You know Caley, I got into electronic timers because they were easier to use in the field. Hook up the line(s), turn it on and throw. No winding of springs, no counting of scrolls or timing the timer to see where 2 or 3 minutes is, dead accurate DT times (and DPR times for F1B/G) and the RDT capability is just super important for flying sites with lot's of plane eating hazards like trees and crops. The toughest part is the battery management. Learning how to care and feed the little Lipos was not was I was used to. Fortunately, the youngsters these days grow up with small electronic devices and so have no trepidation regarding the hardware. It's easy and cool for them. Older folks find it daunting for sure.

What electronic timer do you have Caley?

Tony
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crashcaley
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« Reply #256 on: August 19, 2010, 03:04:45 PM »

The time is a Z-TRON for my Tomboy. Too much for anything else. I think you have to have a brain that thinks in binary. I've read the instructions, and the math is what's stumping me. I can do regular math, but don't throw anything else at me.

The little guy sounds like me. I'm pretty close to being able to wind a motor properly, but have no patience for waiting around to find good air. I don't want my models flying very far or high anyway. Thermal finding is for people who like competition, and a desire to say, "Look, I beat you."

Look forward to hearing more about his participation in our hobby.

Caley
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BG
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« Reply #257 on: August 19, 2010, 10:21:29 PM »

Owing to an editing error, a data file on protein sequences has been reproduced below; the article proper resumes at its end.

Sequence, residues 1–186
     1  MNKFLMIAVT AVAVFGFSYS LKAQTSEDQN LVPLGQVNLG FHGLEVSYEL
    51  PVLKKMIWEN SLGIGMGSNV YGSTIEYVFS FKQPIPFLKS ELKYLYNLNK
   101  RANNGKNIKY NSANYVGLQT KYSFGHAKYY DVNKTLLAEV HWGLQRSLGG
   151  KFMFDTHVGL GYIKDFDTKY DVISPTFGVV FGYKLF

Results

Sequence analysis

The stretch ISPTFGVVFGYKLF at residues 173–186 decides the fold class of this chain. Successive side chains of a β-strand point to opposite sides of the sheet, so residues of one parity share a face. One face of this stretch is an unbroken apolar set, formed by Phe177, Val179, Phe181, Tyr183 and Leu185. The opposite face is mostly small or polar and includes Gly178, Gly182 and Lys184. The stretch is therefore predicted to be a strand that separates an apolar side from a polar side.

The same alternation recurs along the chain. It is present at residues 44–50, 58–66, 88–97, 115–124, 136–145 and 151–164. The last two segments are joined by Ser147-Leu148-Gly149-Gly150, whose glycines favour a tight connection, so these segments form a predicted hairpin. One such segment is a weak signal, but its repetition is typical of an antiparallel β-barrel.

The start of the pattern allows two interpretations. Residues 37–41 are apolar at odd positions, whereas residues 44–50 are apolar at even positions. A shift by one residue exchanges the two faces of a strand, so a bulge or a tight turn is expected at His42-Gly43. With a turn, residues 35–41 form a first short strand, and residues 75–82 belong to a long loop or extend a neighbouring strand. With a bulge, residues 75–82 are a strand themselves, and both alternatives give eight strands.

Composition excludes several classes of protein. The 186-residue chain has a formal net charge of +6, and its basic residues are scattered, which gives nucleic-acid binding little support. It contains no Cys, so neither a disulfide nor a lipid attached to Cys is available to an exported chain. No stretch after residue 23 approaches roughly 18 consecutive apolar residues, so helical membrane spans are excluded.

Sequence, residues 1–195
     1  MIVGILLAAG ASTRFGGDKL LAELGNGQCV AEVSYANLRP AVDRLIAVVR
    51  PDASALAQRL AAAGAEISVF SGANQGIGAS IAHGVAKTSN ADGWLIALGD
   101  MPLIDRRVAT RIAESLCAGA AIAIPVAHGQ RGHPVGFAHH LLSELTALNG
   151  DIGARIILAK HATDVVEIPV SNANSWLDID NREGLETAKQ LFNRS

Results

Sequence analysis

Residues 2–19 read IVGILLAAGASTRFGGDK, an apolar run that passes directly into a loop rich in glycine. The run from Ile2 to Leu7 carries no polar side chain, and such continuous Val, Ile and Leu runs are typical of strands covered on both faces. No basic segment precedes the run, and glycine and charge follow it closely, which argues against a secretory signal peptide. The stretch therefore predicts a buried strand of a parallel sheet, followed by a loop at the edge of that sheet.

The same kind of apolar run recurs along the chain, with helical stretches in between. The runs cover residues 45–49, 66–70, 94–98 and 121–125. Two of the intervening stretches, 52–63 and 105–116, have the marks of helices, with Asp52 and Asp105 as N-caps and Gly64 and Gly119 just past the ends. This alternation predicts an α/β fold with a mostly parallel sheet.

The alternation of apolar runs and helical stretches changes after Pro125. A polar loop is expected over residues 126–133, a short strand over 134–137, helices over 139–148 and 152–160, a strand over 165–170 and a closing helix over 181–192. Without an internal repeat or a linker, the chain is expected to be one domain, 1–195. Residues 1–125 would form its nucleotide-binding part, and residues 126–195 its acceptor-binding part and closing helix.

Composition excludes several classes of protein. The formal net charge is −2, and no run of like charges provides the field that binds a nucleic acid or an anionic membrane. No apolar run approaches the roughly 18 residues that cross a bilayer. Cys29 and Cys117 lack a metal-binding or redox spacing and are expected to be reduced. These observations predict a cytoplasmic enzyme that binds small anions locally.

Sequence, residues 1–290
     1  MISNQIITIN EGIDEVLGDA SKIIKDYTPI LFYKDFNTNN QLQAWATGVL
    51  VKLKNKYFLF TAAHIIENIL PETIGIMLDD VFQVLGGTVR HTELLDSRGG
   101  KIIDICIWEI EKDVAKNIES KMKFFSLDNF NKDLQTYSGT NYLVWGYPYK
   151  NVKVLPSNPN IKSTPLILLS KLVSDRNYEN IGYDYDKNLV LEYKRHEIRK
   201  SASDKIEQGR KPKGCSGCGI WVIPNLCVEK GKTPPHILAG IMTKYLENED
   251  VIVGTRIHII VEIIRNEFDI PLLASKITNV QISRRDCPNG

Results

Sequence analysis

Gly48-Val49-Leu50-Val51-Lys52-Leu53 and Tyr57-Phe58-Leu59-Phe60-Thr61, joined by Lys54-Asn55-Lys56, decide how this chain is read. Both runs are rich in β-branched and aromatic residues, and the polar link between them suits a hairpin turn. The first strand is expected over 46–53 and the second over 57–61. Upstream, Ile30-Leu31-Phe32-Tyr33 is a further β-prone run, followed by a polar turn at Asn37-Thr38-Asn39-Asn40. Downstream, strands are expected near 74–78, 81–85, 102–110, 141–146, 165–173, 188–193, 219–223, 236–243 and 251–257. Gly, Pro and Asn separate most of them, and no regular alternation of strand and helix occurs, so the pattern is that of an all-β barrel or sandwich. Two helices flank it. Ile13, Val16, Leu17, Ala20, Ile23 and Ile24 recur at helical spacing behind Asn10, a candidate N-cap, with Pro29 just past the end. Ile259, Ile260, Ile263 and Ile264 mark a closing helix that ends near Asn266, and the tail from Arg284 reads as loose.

I just want to beat myself Grin Grin
B
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crashcaley
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« Reply #258 on: August 19, 2010, 10:32:11 PM »

Bernard, You're like myself. Compete against what I've done before.  Smiley

Caley
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applehoney
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« Reply #259 on: August 19, 2010, 11:51:22 PM »

Quote
a desire to say, "Look, I beat you."

I've never heard anyone say that in 60+ years of competition flying; I doubt it's even come to mind!
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crashcaley
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« Reply #260 on: August 20, 2010, 09:05:22 AM »

Sorry Jim, You're correct about the people in our hobby. Never seen that in the short time I've been in it. But unfortunately, I've seen it in other activities. Makes me sick to see people who act that way. Thank goodness there are still activities that are done in a gentlemanly manner.

Caley
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Tmat
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« Reply #261 on: August 20, 2010, 09:53:49 AM »

Gentleperson?

Grin
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MartinR362
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« Reply #262 on: September 04, 2010, 06:34:06 PM »

I use a simple "Grammi?" system developed in the 1930's in the UK.

The attached picture should help.

Marty
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applehoney
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« Reply #263 on: September 04, 2010, 06:56:12 PM »

"Garami" .. attributed to Louis Garami, USA, in the 30's Legal to use by UK P30 rules but in N.America all you can do to a prop is add weight for balance and bush the hub. Lashing on a Garami is a no-no - hence clutches attached to the shaft, the ramp on the prop is unreliable and soon wears down anyway.
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Dave Sechrist
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« Reply #264 on: September 04, 2010, 07:45:19 PM »

TMat Where did you get your e-timer? I have been thinking along the same lines that auto functions would be an asset on p-30 when flying in windy conditions.
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MartinR362
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« Reply #265 on: September 04, 2010, 09:56:32 PM »

That's what I did, added weight and bushed the hub. I recall when clutches were "banned", now legal I guess. The system is used by others and I have never been called on it in over 20 years.

Marty